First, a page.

In this second paragraph of the Creed the subject is Jesus Christ. It is his story line of what happened to his life from his conception to his ascension to the Father, and his second coming as a judge. Notice that some crucial elements are not mentioned, but are implied, in terms of why all of this was necessary for Jesus to go through. Our references in scripture reveal that Jesus came to reconcile the human race back to God, to redeem lost humanity, to pay a ransom for those who had the sentence of the penalty of death on their life because of sin. This condition of sin includes all of humanity. Sin is the violation of God’s will and command for our life. As you will discover in the next paragraph of the Creed, the word “sin” is used, and it is this sin that carries the sentence of death. Biblically, sin is the cause of our separation from God. The only answer God provided to resolve our human dilemma was the death of His Son Jesus Christ. It was the shedding of Jesus’ blood as the price to redeem humanity from the penalty of death. Through Jesus we are granted grace, salvation, forgiveness of sin, and eternal life – the goodness of God toward humanity.
When I observe how Jesus is written in the creed, the sense of the Almightiness of God can clearly be seen in his life. There is a close connection of the work of the Holy Spirit in this life of Jesus that defies understanding. The Holy Spirit was able to consummate the birth of Jesus in the womb of a woman without the aid of a man. So, he (Jesus) was literally born of the Holy Spirit and of human flesh. I believe the Virgin Mary’s birth of Jesus is true. And, that it was necessary that his birth came by way of the Holy Spirit and not by a human male. This made his relationship with God distinctively unique from all other persons that were every born on earth. Perhaps this is why he tells Nicodemus in the Gospel of John that “you must be born of the Spirit,” because he (Jesus) was born of the Spirit.
“I believe in the Holy Spirit, the holy catholic church, the communion of saints, the forgiveness of sins, the resurrection of the body, and the life everlasting. Amen.”
This final paragraph shows something of the result of Jesus’ life. We recognize the person of the Holy Spirit in the Old Testament as well as in the New Testament. The Holy Spirit plays a significant role in the life of the Church. He is the empowerment of the Church. In the language of theology, the Holy Spirit is recognized as the third person of the Trinity of the God head (God the Father, God the Son (who is Jesus Christ), and the Holy Spirit). In the New Testament scripture the Holy Spirit is referred to as Comforter, Teacher, Counselor, the Power of God, and the Holy Ghost. He was sent to dwell and to remain with the Church, and to help the Church fulfill the calling of God of the ministry of reconciliation.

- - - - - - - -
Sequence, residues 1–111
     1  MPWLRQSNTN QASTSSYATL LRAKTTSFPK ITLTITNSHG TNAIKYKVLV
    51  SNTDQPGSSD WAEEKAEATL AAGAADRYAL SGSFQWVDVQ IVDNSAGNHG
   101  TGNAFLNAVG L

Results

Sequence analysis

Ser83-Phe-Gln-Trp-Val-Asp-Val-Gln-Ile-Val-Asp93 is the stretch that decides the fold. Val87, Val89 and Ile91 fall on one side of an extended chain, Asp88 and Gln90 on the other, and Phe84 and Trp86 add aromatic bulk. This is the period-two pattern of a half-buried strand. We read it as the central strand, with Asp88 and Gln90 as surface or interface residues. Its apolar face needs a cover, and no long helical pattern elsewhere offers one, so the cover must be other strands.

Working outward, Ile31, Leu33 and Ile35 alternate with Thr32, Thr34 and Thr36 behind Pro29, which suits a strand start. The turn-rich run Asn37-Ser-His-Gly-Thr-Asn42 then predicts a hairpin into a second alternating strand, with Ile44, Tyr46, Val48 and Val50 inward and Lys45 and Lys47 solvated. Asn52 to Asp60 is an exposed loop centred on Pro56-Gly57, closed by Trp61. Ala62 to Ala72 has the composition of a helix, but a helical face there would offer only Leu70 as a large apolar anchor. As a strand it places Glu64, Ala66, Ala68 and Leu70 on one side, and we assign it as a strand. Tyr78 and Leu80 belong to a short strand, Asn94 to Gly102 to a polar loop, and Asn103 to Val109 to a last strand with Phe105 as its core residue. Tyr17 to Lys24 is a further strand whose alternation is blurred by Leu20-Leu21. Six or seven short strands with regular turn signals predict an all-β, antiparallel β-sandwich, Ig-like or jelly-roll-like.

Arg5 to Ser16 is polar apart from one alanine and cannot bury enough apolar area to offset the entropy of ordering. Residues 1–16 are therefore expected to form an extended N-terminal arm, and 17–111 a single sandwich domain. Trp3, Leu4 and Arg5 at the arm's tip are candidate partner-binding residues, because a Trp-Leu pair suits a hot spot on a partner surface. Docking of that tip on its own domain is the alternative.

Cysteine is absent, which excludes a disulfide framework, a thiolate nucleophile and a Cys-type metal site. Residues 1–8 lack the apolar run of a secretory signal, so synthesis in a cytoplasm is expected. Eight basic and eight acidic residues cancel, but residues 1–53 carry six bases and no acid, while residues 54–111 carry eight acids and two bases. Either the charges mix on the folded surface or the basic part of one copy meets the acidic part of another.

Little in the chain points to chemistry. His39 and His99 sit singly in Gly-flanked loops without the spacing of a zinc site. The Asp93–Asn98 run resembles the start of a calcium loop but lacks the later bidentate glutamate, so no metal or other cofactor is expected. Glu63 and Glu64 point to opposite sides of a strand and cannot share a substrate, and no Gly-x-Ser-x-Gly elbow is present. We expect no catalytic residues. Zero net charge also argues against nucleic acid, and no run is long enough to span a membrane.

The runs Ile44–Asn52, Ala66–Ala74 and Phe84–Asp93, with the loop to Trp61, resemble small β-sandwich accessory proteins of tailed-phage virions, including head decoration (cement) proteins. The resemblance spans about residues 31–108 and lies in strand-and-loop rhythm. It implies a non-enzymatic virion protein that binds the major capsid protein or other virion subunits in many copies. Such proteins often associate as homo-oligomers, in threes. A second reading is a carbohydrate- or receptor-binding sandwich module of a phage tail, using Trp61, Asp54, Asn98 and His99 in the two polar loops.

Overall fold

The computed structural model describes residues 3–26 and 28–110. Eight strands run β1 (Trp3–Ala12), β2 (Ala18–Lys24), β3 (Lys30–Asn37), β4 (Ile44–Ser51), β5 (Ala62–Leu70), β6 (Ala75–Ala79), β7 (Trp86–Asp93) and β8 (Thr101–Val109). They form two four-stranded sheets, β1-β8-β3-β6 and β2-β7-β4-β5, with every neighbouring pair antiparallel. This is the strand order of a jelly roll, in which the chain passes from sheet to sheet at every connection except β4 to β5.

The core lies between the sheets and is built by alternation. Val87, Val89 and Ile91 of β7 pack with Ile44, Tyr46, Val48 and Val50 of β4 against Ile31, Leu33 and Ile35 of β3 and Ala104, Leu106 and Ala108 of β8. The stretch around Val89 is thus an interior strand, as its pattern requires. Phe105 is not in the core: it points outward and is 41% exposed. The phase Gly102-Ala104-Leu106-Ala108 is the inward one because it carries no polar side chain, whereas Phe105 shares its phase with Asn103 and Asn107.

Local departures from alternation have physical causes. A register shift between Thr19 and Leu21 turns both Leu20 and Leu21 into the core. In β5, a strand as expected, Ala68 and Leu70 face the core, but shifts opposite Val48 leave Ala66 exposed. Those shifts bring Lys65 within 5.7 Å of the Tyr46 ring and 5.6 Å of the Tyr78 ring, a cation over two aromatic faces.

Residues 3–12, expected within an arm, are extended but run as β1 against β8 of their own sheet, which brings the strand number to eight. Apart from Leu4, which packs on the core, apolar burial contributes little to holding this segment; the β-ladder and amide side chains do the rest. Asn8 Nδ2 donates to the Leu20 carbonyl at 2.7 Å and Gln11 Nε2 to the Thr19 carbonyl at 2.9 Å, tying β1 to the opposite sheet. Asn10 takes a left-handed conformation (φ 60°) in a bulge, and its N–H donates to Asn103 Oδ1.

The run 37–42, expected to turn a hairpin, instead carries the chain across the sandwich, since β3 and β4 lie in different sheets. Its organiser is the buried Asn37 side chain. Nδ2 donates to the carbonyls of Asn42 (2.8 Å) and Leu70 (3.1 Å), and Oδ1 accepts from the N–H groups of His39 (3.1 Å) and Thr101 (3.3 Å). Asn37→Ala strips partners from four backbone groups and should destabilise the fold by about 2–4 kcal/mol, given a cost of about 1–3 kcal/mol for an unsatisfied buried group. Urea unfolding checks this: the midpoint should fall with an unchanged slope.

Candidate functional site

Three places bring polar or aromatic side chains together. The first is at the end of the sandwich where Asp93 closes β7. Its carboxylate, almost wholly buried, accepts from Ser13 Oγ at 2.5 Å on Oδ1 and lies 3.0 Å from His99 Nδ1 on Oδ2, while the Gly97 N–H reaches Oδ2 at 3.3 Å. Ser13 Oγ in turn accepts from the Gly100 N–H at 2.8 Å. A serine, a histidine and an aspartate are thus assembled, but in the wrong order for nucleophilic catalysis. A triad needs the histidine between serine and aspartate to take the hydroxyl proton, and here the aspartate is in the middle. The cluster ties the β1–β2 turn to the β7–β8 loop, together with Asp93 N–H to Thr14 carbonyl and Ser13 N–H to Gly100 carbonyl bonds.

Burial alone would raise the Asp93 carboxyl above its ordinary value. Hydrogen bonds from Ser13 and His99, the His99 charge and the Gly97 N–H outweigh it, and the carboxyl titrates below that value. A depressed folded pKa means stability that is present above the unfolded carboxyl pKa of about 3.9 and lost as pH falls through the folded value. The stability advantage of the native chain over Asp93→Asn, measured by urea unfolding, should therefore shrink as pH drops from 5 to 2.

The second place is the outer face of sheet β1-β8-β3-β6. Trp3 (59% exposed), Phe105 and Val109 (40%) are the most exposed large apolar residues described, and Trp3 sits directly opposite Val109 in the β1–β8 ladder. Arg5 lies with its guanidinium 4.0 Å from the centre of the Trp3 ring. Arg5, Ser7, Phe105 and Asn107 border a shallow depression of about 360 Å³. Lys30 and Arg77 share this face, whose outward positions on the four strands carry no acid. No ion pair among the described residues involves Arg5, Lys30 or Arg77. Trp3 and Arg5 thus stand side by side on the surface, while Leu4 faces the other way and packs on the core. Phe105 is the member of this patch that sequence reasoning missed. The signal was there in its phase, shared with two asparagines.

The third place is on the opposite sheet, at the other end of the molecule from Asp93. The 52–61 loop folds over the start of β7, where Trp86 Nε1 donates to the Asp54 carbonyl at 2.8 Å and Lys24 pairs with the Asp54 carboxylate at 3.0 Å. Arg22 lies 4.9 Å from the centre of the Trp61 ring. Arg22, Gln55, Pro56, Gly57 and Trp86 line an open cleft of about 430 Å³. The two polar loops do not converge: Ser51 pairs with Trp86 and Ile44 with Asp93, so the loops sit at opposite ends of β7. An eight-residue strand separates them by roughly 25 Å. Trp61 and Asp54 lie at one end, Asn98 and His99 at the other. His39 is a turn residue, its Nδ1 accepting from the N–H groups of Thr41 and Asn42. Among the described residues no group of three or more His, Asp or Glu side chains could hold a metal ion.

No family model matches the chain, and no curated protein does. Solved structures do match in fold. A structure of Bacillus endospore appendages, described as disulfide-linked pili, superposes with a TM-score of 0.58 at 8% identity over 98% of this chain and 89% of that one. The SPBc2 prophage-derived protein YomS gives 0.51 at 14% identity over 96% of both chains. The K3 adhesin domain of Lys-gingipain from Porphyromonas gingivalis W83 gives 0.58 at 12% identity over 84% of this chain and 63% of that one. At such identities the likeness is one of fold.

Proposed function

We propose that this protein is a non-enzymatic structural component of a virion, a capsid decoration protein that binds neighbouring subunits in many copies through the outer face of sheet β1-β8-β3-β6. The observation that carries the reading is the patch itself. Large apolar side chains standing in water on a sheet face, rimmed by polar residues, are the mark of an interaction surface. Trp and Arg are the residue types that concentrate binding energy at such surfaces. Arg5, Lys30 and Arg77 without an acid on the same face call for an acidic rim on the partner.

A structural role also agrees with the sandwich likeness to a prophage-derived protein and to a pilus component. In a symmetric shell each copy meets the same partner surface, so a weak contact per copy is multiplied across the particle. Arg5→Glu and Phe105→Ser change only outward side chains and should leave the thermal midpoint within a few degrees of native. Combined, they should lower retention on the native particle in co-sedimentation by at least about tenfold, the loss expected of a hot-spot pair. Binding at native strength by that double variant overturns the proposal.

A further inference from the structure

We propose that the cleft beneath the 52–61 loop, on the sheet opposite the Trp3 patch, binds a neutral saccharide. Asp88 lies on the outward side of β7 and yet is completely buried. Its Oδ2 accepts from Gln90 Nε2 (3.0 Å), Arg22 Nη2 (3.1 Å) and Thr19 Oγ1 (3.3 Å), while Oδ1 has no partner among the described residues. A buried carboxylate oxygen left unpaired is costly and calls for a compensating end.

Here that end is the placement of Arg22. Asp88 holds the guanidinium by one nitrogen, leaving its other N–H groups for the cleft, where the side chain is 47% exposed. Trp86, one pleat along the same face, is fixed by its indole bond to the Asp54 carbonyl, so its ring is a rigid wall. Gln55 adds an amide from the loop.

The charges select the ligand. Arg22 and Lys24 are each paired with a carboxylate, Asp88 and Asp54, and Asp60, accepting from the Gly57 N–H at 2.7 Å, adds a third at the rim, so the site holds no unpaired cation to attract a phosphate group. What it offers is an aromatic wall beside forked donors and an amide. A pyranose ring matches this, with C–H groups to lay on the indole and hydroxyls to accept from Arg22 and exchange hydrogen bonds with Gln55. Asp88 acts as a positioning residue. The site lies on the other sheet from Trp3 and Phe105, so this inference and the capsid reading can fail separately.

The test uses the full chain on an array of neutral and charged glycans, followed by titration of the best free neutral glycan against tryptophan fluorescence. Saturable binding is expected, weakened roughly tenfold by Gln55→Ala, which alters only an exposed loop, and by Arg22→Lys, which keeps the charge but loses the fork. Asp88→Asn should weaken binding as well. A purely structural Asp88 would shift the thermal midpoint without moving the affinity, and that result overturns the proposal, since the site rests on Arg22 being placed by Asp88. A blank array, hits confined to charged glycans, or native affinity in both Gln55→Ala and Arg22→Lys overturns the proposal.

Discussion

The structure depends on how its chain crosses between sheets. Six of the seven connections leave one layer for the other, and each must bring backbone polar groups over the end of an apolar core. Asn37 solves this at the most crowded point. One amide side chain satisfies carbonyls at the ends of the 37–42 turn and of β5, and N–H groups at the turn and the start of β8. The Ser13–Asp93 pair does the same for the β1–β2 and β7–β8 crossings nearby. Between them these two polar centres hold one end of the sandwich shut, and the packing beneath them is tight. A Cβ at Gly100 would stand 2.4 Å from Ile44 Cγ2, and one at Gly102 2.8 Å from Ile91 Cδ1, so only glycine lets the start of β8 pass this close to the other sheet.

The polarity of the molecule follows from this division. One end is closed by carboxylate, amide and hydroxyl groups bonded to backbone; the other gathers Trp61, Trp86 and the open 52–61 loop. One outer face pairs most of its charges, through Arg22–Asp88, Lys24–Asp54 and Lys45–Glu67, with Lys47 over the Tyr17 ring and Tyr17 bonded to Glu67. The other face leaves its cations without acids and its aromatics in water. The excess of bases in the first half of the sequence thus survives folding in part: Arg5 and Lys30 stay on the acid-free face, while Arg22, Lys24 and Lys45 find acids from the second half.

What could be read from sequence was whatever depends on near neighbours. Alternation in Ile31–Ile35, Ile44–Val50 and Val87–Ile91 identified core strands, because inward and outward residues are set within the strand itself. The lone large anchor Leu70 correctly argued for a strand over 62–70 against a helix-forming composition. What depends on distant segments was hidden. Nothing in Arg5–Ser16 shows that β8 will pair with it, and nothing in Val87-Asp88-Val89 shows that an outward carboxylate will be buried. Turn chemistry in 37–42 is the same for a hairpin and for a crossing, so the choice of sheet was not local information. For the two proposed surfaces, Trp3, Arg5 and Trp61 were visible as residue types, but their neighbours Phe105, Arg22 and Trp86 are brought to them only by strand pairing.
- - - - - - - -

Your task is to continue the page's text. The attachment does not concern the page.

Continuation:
The Holy Catholic Church is Christians everywhere; the meaning of the word catholic is not the same usages as the term when it is used to describe the Catholic denomination. The word catholic in the Apostle’s Creed, is catholic with a small “c”, as it relates to Christians universally. So, the Holy Catholic Church means that there is only one Church and Jesus Christ is its head or authority.
The communion of saints is the state of our relationship to the Christian community and to God. We are considered the family of God, and we are called sisters and brothers in Christ. Communion has much to do with how we are encouraged to live together as Christians – by loving one another as the Lord Jesus commanded his disciples.
The forgiveness of sins is not only something that God does for us as a human race, but it is expected of every Christian to practice forgiveness of sins of others including brothers and sisters in Christ. Even as God forgives sins so must we.
The resurrection of the body and the life everlasting is the gift of our salvation in Christ. This means death has no power over him/her whom God has set free from death’s penalty – life is forever and ever. We have no scientific way of explaining these miraculous phenomenon that is clearly of God’s work and power, but we are blessed with them.
I have disclosed in this essay a summary of my conviction and understanding of the Apostles’ Creed. I presented a brief history of the development of the Creed’s content that was found in the writings of the early Christians. The First Apostles of Jesus and other followers of Christ were eye witnesses to Jesus’ life and teachings, and these events and sayings of Jesus were recorded by these early Christians. The materials found in the Gospels were extracted by later Christians who composed what we have today, the Apostles’ Creed. In the light of what I have shared in the disclosure of this essay, I conclude that the Apostles’ Creed is the essence of my faith.